A few things in life also shifted to help with the decision. I had been producing music for some time and the studio I was using wasn’t available for a few months. I had also split up with my girlfriend so I now had more time and energy than usual.  There was an opening for this to happen, for me to invest in the training needed to compete at this level, not to just box anymore for the sake of it.  The timing felt right to allow it to happen.

I trained hard; six times a week for two hours each session. Once early on Monday mornings with a trainer, then each night and Saturday morning. I would ride my bike to the gym which added another forty minutes exercise each way, carrying a bag weighing six kgs of gear too added its own workout. Sunday was the day for relaxation.

IMG_5966
The Ride on Regents Canal.

Throughout this period I felt myself becoming a much better boxer. The trainer helped to bring me back to basics; footwork and movement. I was now more nimble around the ring, it is a dance after all.

One evening I went to another gym I had never been to before to get some practice with fighters I didn’t know and joined a sparring session. I wanted to test myself by intentionally being in uncomfortable situations to help prepare mentally for the ring and get used to that feeling of the unknown. All boxing gyms are intense environments for the outsider. There is always a certain amount of sussing you out that goes on by the fighters in the gym.  As insiders they don’t give too much away, it’s all part of the dance. I went through to the changing room and immediately felt the glare coming my way, like a heavy weight pushing on my back, almost making me trip over my feet as I walked.

The session was good training although I was out of my depth. We did a few minutes sparring between each fighter on continual rotation with no stops and it became immediately clear they wanted to make an impression. It was tough going and I took a few hard hits. They had proven their authority; this was their gym and I felt it!

Another scenario I found myself in was a suggestion put forward by a trainer I knew. He said I should meet with one of his clients who had fought before to spar with. This seemed like a good idea so I got in touch and arranged to go round to his place to have a sparring session one evening.

I remember walking up to the flat, which was on the sixth floor in a block of flats in central London near Farringdon, and it suddenly dawned on me this is a bit weird and I wasn’t quite sure what to expect. In a nutshell, I was on my way to a stranger’s house to have a fight.

I got to the entrance of the building and pressed the buzzer. A strong “hello” came through the small speaker and I said “hi, it’s Guy”.  “Ok, come up” he replied.  I went up in the lift and walked along the corridor, not sure what to expect. I was slightly nervous and keen at the same time. I got to the door and it was off the latch. I cautiously nudged it open and he came down to meet me. He was slightly taller than me with a stocky build and a few years older.  He welcomed me in and came across as a good bloke telling me he was a chef. As with all chefs I have met he had a scowl ingrained across his forehead from the tension of the job I presume.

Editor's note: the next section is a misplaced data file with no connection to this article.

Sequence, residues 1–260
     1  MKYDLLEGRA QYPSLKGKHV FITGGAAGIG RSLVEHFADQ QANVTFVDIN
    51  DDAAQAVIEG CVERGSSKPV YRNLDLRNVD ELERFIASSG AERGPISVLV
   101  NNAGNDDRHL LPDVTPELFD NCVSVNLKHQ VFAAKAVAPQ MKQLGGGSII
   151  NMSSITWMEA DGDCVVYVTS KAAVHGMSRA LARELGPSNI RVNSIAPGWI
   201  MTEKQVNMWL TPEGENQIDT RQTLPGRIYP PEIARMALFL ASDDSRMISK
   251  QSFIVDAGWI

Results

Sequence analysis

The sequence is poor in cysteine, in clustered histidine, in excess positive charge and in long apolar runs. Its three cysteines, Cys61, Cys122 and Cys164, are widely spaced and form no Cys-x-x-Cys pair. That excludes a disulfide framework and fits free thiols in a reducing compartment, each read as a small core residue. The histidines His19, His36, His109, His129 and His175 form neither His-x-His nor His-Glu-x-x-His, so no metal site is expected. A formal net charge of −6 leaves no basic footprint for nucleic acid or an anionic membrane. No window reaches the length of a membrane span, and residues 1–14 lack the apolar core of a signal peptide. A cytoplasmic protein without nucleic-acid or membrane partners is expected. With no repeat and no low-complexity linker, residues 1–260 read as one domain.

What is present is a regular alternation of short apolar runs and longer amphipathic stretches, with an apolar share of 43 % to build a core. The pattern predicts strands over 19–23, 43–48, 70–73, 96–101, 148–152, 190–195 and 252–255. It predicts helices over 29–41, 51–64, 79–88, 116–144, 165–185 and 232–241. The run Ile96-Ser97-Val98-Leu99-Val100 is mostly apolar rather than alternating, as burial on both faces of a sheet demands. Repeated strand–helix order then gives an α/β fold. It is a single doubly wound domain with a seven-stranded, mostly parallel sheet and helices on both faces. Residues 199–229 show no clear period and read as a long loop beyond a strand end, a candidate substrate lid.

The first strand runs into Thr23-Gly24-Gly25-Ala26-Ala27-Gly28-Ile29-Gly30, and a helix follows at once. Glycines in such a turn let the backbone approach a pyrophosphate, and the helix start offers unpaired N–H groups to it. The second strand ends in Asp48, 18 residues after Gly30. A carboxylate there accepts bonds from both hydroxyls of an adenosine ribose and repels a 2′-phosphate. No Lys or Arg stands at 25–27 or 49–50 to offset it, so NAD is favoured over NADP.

He had cleared a space in the lounge ready for a tussle. We did the usual  “how do you know such and such” whilst I got changed as he didn’t have much time. I think this helped to ease the nerves for both of us. We ended up using an egg timer he had nearby on the cooker to keep track of the rounds.

It was unusual sparring. You had to be aware of the sofa behind you, the kitchen in the corner (it was open plan), then the bookcase to the left and a glass table that had been moved out the way. We couldn’t shove each other too hard as you would fall into a picture on the wall or possibly out the window. This helped with spatial awareness and forced us to be up close with one another. We did six rounds of sparring and I left as quickly as I had arrived.

All the training and sparring was taking its toll though. I remembered approximately two weeks before the fight feeling good and ready; it appeared I had peaked too soon. This was my own character showing through, going all in with lack of experience and guidance taking on something of this nature. The words ‘pace yourself’ came to mind.

I found the hardest part with boxing was the emotional shift I forced myself to undertake every time I put on the gloves. I never, ever, intentionally wanted to hurt anyone. Getting into a ring you have to be mentally prepared and fully accepting of what is going on. To box you need to have this ‘I’m going in’ attitude. This was completely out of character and I found it emotionally draining. I would psych myself up to it, when within my true nature it’s the last thing I wanted to do. This is probably the main reason why I hadn’t fought in all the opportunities before.

As anyone will know who has competed or trained to a high level in a sport, the more training you do, the fitter you get and the better you feel. There is a high often spoken of which can be achieved after a short fast run for example.

I was used to this high having played rugby to county level throughout my teens and also doing cross country mountain bike racing amongst lots of other sports; I was very active growing up.  This high was not felt through my intense boxing training.

I can remember a specific conversation with my girlfriend (we got back together a month into training) when I said to her, “something seems wrong, I don’t feel fitter and stronger. I feel more exhausted and worn out, almost thin”. I left it at that and presumed it was just due to the amount of training, a stressful job and I wasn’t in my teens anymore. This did linger in mind as an area of concern. 

As the build up to the fight continued I felt a sense of improvement in my fitness, although something wasn’t right, I couldn’t quite identify it.  One day I was walking along the road to the shops and felt a very sharp sudden pain in my chest that brought me immediately to a stop. As quickly as it occurred it disappeared as if nothing had happened and so I carried on not giving it another moment’s thought.